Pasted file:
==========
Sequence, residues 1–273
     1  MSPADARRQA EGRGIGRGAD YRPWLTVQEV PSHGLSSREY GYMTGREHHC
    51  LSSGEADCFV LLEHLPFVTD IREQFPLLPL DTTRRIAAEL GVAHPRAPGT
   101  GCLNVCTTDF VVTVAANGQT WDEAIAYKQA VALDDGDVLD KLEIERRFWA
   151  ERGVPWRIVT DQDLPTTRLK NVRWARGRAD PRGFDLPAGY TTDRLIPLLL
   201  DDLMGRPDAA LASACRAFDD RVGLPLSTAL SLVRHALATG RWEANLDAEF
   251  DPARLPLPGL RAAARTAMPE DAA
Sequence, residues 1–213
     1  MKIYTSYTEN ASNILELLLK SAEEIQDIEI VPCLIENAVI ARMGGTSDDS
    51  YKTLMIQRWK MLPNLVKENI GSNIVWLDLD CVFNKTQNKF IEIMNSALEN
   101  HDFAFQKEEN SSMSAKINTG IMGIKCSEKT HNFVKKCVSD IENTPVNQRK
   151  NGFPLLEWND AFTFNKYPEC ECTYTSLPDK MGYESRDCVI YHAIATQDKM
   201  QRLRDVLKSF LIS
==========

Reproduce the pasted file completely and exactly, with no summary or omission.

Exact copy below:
Sequence, residues 1–273
     1  MSPADARRQA EGRGIGRGAD YRPWLTVQEV PSHGLSSREY GYMTGREHHC
    51  LSSGEADCFV LLEHLPFVTD IREQFPLLPL DTTRRIAAEL GVAHPRAPGT
   101  GCLNVCTTDF VVTVAANGQT WDEAIAYKQA VALDDGDVLD KLEIERRFWA
   151  ERGVPWRIVT DQDLPTTRLK NVRWARGRAD PRGFDLPAGY TTDRLIPLLL
   201  DDLMGRPDAA LASACRAFDD RVGLPLSTAL SLVRHALATG RWEANLDAEF
   251  DPARLPLPGL RAAARTAMPE DAA
Sequence, residues 1–213
     1  MKIYTSYTEN ASNILELLLK SAEEIQDIEI VPCLIENAVI ARMGGTSDDS
    51  YKTLMIQRWK MLPNLVKENI GSNIVWLDLD CVFNKTQNKF IEIMNSALEN
   101  HDFAFQKEEN SSMSAKINTG IMGIKCSEKT HNFVKKCVSD IENTPVNQRK
   151  NGFPLLEWND AFTFNKYPEC ECTYTSLPDK MGYESRDCVI YHAIATQDKM
   201  QRLRDVLKSF LIS